a(n) = binomial(n+1,2) + 3*binomial(n,2).
a(n) = 3*a(n1)  3*a(n2) + a(n3), a(0)=0, a(1)=1, a(2)=6.  Jaume Oliver Lafont, Dec 02 2008
a(n) = a(n1) + 4*n  3 (with a(0)=0).  Vincenzo Librandi, Nov 20 2010
a(n) = A007606(A000290(n)).  Reinhard Zumkeller, Feb 12 2011
a(n) = 2*a(n1)  a(n2) + 4.  Ant King, Aug 26 2011
a(2^n) = 2^(2n+1)  2^n.  Ivan N. Ianakiev, Apr 13 2013
a(n) = binomial(2*n,2).  Gary Detlefs, Jul 28 2013
a(4*a(n)+7*n+1) = a(4*a(n)+7*n) + a(4*n+1).  Vladimir Shevelev, Jan 24 2014
Sum_{n>=1} 1/a(n) = 2*log(2) = 1.38629436111989... .  Vaclav Kotesovec, Apr 27 2016
Sum_{n>=1} (1)^n/a(n) = log(2)  Pi/2.  Vaclav Kotesovec, Apr 20 2018
a(n+1) = trinomial(2*n+1, 2) = trinomial(2*n+1, 4*n), for n >= 0, with the trinomial irregular triangle A027907. a(n+1) = (n+1)*(2*n+1) = (1/Pi)*Integral_{x=0..2} (1/sqrt(4  x^2))*(x^2  1)^(2*n+1)*R(4*n2, x) with the R polynomial coefficients given in A127672. [Comtet, p. 77, the integral formula for q=3, n > 2*n+1, k = 2, rewritten with x = 2*cos(phi)].  Wolfdieter Lang, Apr 19 2018


MAPLE

A000384:=(1+3*z)/(z1)^3; # Simon Plouffe in his 1992 dissertation, dropping the initial zero
A000384:=n>n*(2*n1); seq(A000384(k), k=0..100); # Wesley Ivan Hurt, Sep 27 2013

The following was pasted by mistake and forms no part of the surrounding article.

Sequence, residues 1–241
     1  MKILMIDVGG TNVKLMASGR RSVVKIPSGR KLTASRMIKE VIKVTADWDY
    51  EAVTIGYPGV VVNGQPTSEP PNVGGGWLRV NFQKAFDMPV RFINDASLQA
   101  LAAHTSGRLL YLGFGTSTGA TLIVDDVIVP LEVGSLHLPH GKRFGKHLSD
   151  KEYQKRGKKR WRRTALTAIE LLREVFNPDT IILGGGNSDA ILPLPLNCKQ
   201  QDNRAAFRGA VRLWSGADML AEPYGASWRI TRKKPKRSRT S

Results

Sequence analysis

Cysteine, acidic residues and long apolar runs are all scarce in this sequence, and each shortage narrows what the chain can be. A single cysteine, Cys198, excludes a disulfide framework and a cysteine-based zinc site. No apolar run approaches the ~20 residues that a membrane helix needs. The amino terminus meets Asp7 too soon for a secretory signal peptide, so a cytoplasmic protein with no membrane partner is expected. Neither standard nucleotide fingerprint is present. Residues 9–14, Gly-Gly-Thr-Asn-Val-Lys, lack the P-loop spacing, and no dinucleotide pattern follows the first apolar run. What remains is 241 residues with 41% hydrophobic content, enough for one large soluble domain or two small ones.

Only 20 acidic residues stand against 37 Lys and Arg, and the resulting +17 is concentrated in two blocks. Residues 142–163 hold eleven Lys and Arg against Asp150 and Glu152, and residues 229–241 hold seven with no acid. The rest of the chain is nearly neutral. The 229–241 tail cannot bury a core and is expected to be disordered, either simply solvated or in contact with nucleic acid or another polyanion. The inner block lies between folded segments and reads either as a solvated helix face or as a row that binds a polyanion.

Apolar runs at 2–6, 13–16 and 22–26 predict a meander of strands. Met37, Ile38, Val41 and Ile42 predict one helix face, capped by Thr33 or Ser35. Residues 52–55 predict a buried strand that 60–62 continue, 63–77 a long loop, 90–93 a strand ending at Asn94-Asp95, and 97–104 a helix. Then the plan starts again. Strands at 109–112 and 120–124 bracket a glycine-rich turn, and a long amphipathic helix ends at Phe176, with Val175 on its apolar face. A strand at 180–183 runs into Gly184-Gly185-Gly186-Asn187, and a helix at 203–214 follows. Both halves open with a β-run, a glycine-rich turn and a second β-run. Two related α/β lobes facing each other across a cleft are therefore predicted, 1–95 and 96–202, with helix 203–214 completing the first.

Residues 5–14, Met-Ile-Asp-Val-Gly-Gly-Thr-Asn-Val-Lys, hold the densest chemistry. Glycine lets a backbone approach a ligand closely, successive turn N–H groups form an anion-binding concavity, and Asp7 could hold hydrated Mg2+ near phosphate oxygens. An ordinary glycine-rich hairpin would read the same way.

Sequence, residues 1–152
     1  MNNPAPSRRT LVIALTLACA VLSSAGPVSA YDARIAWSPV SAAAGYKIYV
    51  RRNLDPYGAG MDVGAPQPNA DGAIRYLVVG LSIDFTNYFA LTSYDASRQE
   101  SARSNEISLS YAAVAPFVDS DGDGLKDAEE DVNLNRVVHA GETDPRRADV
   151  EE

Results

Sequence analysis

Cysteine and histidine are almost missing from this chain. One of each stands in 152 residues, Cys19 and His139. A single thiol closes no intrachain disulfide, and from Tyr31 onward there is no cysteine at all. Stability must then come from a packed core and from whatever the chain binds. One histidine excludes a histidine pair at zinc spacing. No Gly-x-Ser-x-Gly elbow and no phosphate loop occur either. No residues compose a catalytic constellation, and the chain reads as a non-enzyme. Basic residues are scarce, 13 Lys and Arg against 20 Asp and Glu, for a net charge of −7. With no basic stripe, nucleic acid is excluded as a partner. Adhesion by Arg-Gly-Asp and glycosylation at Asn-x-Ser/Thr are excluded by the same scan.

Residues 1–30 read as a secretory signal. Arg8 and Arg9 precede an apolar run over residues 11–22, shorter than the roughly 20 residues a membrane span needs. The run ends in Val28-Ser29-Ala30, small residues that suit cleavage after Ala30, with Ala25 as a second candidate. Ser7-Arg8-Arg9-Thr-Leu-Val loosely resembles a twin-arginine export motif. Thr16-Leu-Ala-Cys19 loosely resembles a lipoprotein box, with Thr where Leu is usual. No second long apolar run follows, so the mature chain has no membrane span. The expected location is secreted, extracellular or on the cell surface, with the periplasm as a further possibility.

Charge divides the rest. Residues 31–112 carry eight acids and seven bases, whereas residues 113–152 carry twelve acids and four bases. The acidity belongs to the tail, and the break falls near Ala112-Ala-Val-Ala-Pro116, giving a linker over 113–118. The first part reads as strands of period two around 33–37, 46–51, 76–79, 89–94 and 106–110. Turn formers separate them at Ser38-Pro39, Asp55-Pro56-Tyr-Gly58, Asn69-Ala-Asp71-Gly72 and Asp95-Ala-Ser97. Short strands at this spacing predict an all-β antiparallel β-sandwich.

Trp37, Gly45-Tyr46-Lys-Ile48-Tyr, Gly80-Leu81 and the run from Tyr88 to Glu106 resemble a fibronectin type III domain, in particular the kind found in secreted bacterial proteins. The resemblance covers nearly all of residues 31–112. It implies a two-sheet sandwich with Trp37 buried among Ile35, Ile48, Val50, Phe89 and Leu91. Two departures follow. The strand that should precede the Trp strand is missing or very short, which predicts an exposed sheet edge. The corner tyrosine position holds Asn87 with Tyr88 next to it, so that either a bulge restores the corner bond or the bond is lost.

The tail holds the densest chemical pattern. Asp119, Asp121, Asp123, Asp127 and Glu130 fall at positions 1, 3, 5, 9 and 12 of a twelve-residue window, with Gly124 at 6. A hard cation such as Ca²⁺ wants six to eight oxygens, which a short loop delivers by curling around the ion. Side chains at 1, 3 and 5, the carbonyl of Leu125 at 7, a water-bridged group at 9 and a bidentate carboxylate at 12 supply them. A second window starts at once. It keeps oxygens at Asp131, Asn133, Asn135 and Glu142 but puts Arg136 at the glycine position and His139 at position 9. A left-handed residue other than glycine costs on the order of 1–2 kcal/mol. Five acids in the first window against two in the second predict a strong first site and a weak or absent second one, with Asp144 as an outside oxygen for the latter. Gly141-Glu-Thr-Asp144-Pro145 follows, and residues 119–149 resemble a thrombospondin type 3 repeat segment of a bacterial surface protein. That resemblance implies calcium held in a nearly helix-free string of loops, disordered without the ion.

MATHEMATICA

Table[n*(2 n  1), {n, 0, 100}] (* Wesley Ivan Hurt, Sep 27 2013 *)
LinearRecurrence[{3, 3, 1}, {0, 1, 6}, 50] (* Harvey P. Dale, Sep 10 2015 *)
Join[{0}, Accumulate[Range[1, 312, 4]]] (* Harvey P. Dale, Mar 26 2016 *)
(* For Mathematica 10.4+ *) Table[PolygonalNumber[RegularPolygon[6], n], {n, 0, 48}] (* Arkadiusz Wesolowski, Aug 27 2016 *)
PolygonalNumber[6, Range[0, 20]] (* Eric W. Weisstein, Aug 17 2017 *)


PROG

(PARI) a(n)=n*(2*n1)
(PARI) a(n) = binomial(2*n, 2) \\ Altug Alkan, Oct 06 2015
(Haskell)
a000384 n = n * (2 * n  1)
a000384_list = scanl (+) 0 a016813_list
 Reinhard Zumkeller, Dec 16 2012


CROSSREFS

Cf. A014105, A127672, A027907.
a(n)= A093561(n+1, 2), (4, 1)Pascal column.
a(n) = A100345(n, n1) for n>0.
Sequence in context: A094142 A081873 A096892 * A164000 A212087 A301292
Adjacent sequences: A000381 A000382 A000383 * A000385 A000386 A000387


KEYWORD

nonn,easy,nice


AUTHOR

N. J. A. Sloane


EXTENSIONS

Partially edited by Joerg Arndt, Mar 11 2010


STATUS

approved